You are currently viewing WINDOW FUNCTIONS IN SQL: THE WINDOW FRAME

WINDOW FUNCTIONS IN SQL: THE WINDOW FRAME

Have you been battling window frames while utilizing window functions in your SQL queries? Window frames within SQL window functions is a powerful tool for data analysis that allows you to control the scope of calculations, customize your findings, and precisely solve data challenges.

In this article, we will explore what a window frame is, several methods of defining window frames in SQL with real life examples, various window bounds within a window frame, differences between the ROWS BETWEEN and RANGE BETWEEN clauses and how best to use them. Let’s explore!

WHAT IS A WINDOW FRAME IN SQL WINDOW FUNCTION?

Before we delve into the concept of a window frame in SQL, let’s briefly recap what a Window Function is. In SQL, a Window Function is a robust capability that enables you to perform calculations or operations on a group of table rows, often referred to as “records,” that are associated with the current row. This group of related records is referred to as a “window” or “window frame.”

A window frame represents a specific subset of rows within a partition over which window function (an aggregation, calculation, or operation) is applied. Essentially, it’s a collection of rows that have a connection to the current row where the window function is utilized for computation. The composition of the window frame can vary for each row in the query result, as it depends on the specific row being processed. This means that every row in the query result has its own unique window frame.

A window frame can be defined using the PARTITION BY subclause or ROWS or RANGE subclause within the OVER() clause of a window function.

From the picture above, the table consists of sales record which made up of four window frames defined by the ProductID column. Window frame 1 denoted by the blue border has records for product with ProductID 700, Window frame 2 denoted by the red border has records for product with ProductID 701, Window frame 3 denoted by the black border has records for product with ProductID 702, Window frame 4 denoted by the yellow border has records for product with ProductID 703.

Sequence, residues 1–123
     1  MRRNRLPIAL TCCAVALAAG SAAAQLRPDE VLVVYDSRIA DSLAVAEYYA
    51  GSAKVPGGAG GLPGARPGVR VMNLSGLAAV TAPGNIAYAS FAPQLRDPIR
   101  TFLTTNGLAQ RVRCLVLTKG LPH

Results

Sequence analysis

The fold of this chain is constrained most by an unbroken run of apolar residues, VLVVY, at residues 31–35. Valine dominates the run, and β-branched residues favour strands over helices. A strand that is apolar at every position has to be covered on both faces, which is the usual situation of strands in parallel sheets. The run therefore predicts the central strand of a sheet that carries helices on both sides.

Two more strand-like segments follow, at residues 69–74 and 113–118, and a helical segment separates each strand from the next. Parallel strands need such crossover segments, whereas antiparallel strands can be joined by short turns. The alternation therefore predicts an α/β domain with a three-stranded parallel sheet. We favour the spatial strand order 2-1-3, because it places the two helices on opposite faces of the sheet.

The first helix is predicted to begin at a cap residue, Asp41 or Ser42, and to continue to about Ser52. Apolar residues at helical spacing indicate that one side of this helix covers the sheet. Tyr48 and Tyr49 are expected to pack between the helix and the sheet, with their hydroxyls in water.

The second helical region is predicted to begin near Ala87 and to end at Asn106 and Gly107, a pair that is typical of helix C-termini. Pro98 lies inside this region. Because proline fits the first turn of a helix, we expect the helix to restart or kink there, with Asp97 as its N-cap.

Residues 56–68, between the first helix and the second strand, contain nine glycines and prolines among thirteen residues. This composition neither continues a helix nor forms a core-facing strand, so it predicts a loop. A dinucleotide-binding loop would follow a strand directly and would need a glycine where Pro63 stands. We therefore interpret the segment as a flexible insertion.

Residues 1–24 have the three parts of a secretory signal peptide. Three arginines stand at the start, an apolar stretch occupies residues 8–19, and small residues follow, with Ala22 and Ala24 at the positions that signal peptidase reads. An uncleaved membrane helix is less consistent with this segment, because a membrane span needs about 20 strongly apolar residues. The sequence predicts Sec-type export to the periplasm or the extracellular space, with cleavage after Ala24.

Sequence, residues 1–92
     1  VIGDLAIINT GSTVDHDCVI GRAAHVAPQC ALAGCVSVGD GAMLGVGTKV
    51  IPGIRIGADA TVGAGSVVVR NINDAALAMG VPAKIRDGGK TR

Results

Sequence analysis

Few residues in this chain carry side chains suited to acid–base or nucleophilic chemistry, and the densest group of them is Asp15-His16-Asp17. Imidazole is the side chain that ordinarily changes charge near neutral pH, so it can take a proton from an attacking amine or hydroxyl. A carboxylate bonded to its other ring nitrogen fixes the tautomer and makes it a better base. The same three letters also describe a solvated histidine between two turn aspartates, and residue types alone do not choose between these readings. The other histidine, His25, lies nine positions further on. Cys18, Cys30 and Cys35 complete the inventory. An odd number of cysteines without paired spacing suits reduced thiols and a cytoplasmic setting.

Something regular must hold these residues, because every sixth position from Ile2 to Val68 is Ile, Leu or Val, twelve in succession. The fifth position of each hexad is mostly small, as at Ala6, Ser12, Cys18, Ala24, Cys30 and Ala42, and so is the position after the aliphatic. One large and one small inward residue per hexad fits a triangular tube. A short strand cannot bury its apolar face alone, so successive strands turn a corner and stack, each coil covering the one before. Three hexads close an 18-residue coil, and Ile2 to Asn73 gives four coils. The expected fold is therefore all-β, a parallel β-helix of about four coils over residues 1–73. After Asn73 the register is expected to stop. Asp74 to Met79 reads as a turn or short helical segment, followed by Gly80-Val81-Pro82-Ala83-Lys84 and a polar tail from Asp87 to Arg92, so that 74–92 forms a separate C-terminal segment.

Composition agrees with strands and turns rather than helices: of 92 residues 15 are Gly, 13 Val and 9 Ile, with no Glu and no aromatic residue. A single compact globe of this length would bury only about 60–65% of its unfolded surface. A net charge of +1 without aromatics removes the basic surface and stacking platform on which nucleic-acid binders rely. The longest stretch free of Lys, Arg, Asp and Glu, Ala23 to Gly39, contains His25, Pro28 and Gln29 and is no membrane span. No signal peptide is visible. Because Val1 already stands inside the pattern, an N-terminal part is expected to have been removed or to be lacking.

CREATING A WINDOW FRAME UTILIZING THE PARTITION BY CLAUSE

The “PARTITION BY” subclause is embedded in the OVER clause. The OVER clause follows the Window Function and defines the window or partition of rows over which the function operates.

The “PARTITION BY” subclause is that part of the OVER clause that allows you to divide your result set into partitions or groups based on one or more columns. The Window Function will then operate independently within each partition.

The “PARTITION BY” subclause is like a virtual boundary that separates your dataset into smaller groups or partitions. When you apply a window function with “PARTITION BY,” it ensures that the function’s calculations occur within each of these partitions separately. It’s like the GROUP BY clause, but there’s a difference. GROUP BY gives a summary, but window functions keep the original details. The partition in window functions is just for calculations.

Below is a fictitious sales table named sales_data. ABC Limited is a luxury brand that stores their sales record daily in the table named sales_data. The table consists of the SalesID, ProductID, OrderQty, UnitPrice, Amount, SalesDate and CustomerID columns.